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Generate fake data for application testing based on simple but flexible templates.

Project description

Dead Simple Document Generation

Whether it’s testing database performance or a new web interface, we’ve all needed a dead simple solution that’a flexible enough to generate a complex data set. If this is one of those times, you’ve come to the right place. Essential Generators uses Markov chains to generate ‘realistic’ data - and you can train them on your own data to make it even more real.


Using pip:

pip install essential_generators

Use case: Get some random values

Simple interface:

>>> from essential_generators import DocumentGenerator

>>> gen = DocumentGenerator()


>>> gen.url()


>>> gen.slug()

>>> gen.word()

>>> gen.sentence()
'Possess something historic and prehistoric sites within the family.'

>>> gen.paragraph()
"Country's total that roll clouds of gas that can affect. Officers: lieutenant aquifer system under
the alaska supreme court, 14. About reality. perfect. this means that logic programs combine declarative
and procedural law. some. 20.3% of other nations. during the meiji constitution, and assembled the imperial
estates. Reduce visibility work during the regime withdrew from the crow in. Divert recyclable at 100.
Applications. because no carbon, then all of which glucose (c6h12o6) and stearin (c57h110o6) are convenient.
In french. forms can each be divided into: information theory. Therapeutic orientation. around haines. steven
seagal's 1994 on deadly ground, starring michael caine.. Lakes and economic assistance (comecon). the states
and 72 dependent. D.f.: comisión campaign tracking, allowing the companies running these. Were struggling moon
io is volcanically active, and as the legal basis of chemical complexes.'

Use case: Make lots of complex documents

Let’s say we are building a database for a new social media site. We have a preliminary schema and want to test the server with some examples like this:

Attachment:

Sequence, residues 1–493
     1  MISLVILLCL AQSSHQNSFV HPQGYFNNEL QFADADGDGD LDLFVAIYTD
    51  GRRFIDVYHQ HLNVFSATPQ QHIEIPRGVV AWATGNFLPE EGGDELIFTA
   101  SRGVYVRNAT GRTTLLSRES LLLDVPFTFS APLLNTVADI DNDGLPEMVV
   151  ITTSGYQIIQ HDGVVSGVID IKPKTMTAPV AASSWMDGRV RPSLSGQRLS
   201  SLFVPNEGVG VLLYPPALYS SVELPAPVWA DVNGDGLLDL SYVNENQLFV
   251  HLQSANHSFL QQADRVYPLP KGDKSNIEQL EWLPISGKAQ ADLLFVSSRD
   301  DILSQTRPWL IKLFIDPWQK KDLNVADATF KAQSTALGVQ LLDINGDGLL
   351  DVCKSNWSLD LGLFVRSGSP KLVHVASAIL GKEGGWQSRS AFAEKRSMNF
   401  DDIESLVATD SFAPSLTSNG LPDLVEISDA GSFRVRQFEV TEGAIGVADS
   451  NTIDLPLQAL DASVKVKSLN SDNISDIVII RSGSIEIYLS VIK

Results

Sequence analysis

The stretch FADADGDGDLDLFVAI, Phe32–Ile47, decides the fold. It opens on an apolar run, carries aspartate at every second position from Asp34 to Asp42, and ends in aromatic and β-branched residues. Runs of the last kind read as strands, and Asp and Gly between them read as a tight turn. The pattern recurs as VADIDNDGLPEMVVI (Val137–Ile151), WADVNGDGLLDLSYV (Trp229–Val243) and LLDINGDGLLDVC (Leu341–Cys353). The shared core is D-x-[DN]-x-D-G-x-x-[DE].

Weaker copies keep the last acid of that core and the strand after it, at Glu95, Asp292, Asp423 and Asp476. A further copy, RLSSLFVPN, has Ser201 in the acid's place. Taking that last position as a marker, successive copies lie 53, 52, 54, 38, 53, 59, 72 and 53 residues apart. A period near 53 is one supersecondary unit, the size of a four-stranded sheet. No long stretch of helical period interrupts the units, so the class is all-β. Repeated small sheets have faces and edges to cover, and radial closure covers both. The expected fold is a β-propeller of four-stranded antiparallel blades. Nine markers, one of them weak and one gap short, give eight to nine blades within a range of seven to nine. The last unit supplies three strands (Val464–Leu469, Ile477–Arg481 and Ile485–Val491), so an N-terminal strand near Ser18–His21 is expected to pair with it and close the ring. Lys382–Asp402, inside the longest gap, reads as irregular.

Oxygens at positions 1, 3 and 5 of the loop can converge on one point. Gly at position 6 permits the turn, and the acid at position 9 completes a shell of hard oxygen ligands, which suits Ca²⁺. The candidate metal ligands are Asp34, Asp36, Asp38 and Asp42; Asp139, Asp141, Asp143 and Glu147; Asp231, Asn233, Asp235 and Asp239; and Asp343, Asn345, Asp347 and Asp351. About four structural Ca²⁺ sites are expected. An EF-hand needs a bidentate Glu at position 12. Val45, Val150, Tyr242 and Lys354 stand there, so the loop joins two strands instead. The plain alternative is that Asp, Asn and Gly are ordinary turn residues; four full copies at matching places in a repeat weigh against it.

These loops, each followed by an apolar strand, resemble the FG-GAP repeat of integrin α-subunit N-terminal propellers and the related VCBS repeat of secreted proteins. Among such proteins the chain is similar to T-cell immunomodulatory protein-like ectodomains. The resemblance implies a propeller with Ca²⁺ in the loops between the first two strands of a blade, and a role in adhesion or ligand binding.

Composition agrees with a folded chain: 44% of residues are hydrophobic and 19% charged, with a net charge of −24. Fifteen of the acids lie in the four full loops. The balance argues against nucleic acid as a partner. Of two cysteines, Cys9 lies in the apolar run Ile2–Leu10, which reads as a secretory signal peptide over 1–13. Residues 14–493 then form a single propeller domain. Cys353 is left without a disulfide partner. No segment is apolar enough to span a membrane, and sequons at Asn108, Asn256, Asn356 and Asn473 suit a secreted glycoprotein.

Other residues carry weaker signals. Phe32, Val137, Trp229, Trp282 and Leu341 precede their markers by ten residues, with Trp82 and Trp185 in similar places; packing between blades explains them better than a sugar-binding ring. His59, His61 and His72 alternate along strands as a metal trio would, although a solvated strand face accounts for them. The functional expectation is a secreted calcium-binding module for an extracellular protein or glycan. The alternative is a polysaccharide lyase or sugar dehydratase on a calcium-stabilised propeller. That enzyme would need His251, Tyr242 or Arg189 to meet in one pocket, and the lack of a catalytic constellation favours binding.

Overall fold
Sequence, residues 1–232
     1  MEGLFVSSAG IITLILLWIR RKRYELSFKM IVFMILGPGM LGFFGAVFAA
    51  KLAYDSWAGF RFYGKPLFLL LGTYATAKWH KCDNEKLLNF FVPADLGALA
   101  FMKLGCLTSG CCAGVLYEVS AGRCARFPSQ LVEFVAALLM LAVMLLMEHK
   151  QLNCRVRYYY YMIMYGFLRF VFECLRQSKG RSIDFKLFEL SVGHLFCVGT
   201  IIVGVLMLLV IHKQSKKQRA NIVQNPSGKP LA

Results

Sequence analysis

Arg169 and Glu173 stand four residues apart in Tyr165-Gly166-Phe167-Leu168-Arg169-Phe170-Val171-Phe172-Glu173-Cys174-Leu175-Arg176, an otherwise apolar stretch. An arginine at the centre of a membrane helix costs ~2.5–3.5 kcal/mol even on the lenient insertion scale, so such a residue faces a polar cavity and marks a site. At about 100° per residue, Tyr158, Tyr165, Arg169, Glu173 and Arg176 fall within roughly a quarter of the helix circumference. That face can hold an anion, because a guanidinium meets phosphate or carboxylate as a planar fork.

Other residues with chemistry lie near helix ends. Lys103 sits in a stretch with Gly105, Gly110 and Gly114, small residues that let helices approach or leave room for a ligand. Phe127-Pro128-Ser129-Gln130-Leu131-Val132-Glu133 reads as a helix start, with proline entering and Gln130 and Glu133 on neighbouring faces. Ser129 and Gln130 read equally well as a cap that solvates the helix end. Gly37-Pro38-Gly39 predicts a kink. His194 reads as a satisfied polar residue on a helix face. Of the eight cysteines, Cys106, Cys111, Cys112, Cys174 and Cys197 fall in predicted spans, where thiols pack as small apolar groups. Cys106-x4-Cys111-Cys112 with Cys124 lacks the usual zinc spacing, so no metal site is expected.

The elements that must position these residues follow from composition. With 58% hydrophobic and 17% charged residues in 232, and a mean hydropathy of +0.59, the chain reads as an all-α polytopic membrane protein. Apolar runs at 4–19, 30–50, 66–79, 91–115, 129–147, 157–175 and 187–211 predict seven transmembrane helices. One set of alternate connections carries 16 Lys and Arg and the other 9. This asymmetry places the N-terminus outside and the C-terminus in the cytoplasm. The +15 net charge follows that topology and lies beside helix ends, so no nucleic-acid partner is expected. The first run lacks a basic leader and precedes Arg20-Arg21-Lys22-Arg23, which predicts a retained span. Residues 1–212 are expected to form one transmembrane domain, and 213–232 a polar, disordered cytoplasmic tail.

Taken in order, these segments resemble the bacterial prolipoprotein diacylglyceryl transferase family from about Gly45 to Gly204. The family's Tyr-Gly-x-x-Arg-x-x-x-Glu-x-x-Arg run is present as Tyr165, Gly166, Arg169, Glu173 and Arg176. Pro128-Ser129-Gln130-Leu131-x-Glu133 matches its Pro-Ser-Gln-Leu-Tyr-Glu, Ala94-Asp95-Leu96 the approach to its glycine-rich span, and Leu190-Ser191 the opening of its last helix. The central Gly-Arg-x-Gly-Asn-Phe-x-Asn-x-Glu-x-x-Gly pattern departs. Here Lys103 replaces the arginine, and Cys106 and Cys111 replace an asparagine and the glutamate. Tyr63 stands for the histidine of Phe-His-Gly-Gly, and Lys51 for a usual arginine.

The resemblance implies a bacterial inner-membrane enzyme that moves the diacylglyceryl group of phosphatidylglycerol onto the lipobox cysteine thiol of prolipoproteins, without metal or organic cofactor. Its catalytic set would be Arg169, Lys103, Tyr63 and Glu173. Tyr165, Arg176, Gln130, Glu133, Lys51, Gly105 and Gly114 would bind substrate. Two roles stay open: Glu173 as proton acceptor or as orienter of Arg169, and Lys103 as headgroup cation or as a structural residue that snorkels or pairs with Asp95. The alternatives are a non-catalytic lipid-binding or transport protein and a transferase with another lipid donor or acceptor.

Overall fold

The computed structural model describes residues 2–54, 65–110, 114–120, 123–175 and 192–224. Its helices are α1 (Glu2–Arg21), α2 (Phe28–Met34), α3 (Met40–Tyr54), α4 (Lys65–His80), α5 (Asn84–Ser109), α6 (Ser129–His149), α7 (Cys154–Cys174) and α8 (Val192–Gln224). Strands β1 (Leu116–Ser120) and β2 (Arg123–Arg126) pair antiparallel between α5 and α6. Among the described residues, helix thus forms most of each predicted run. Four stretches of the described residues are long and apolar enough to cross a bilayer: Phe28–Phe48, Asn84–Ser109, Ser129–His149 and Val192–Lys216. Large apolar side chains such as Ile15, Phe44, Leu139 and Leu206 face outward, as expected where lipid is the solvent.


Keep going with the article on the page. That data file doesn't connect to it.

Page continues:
id: 39f96ef8-08e0-408e-b727-984372a95d9d,
    status: online,
    age: 27,
    name: John Doe,
    headline: A Really Cool Guy
    about: Some longer profile text. Several Sentences.

Document Templates

Now let’s say we want to generate hundreds of thousands of these records. For making documents, we first need to define the template:

gen = DocumentGenerator()

template = {
     'id': 'guid',
     'status': ['online', 'offline', 'dnd', 'anonymous'],
     'age': 'small_int',
     'homepage': 'url',
     'name': 'name',
     'headline': 'sentence',
     'about': 'paragraph'

 documents = gen.documents(1000)

The template gives the structure and type for each field in the document. Note that status has a list and not a single type; when a list is provided as the type, one of the items in the list will be randomly selected for each generated documents using random.choice(list)

Custom Fields

Now we want to implement a new feature where users can rate each other between 1-5 stars and we want to keep track of the average rating (a float between 1 and 5). We can do this by passing in a function as the type, like so:

def gen_rating():
    return random.uniform(1, 5)

template = {
    'id': 'guid',
    'status': ['online', 'offline', 'dnd', 'anonymous'],
    'age': 'small_int',
    'homepage': 'url',
    'name': 'name',
    'headline': 'sentence',
    'about': 'paragraph',
    'rating': gen_rating,

In this case, when each document is created, gen_rating is called and the returned value is added to the document.

Nested Documents

Now that users are rating each other, of course they’ll want to get in contact with each other. The schema gets extended to include a nested contact object. Just like any custom field, we can generate nested documents using generator functions as the type:

def gen_contact():
    return {

template = {
    'id': 'guid',
    'status': ['online', 'offline', 'dnd', 'anonymous'],
    'age': 'small_int',